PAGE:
I think there are several key differences between these two generations of fantasy art (Old School versus standard contemporary]. In terms of subject matter, the fantasy art in the seventies and eighties had their fair share of super heroes and strange monsters but their work encouraged the viewer to use their imagination and ask the question of "What the heck is going on here?" To me, the fantasy art in this day's market has more of an instant gratification element to it. When I look at it, I say, "Cool!" But then I'm left with, "Now what?" I find that I don't pursue the, "What the heck is going on here?" questions beyond that initial "Cool!" When producing my art work, I try to get the viewer to ask the "What the heck is going on here?" questions.The piece I featured above would seem to almost buck this. We know what's going on, don't we? The party is fighting a group of Giant Scorpions. Three party members are engaged in melee while the fourth—pretty clearly the Magic-User—is casting some sort of probably offensive spell. But even here in this more 'obvious' scene, the viewer finds himself asking questions which serve to more thoroughly engage him in the painting: What is the spell? It appears to involve some sort of bright globe. Is it a Light spell? Why would the Magic-User want to cast that? And the way those columns are spaced and drawn is sort of...stressful. Are there other Scorpions about to scuttle around from behind? Did the party attack them in their lair or are they being set upon by surprise? The piece is exciting not because everyone is flying through the air like Chinese martial-artists (as in a typical 4e illustration) but because we really don't know what's going to happen next.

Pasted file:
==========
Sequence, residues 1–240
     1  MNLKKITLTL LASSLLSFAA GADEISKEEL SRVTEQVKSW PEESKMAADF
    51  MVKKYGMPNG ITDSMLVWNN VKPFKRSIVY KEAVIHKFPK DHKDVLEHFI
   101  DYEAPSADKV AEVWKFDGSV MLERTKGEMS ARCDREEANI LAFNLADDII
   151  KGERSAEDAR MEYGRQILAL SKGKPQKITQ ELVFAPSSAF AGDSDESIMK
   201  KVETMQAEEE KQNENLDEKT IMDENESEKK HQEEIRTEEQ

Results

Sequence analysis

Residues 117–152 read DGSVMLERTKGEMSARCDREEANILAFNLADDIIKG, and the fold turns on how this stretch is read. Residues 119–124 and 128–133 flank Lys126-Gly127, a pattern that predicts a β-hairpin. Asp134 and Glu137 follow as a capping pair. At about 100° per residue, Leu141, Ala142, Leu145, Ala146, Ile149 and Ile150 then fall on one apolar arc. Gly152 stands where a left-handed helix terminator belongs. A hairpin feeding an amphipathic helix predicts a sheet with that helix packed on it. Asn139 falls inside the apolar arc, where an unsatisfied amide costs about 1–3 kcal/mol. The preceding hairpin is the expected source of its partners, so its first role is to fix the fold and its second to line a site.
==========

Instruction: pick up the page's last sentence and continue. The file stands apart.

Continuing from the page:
And I think the center of it is the Magic-User's raised arms. I chose this illustration partly because out of all the Old School or OSR works that I have seen (a lot) this is the most evocative rendering of a spell cast in melee that I have ever come across.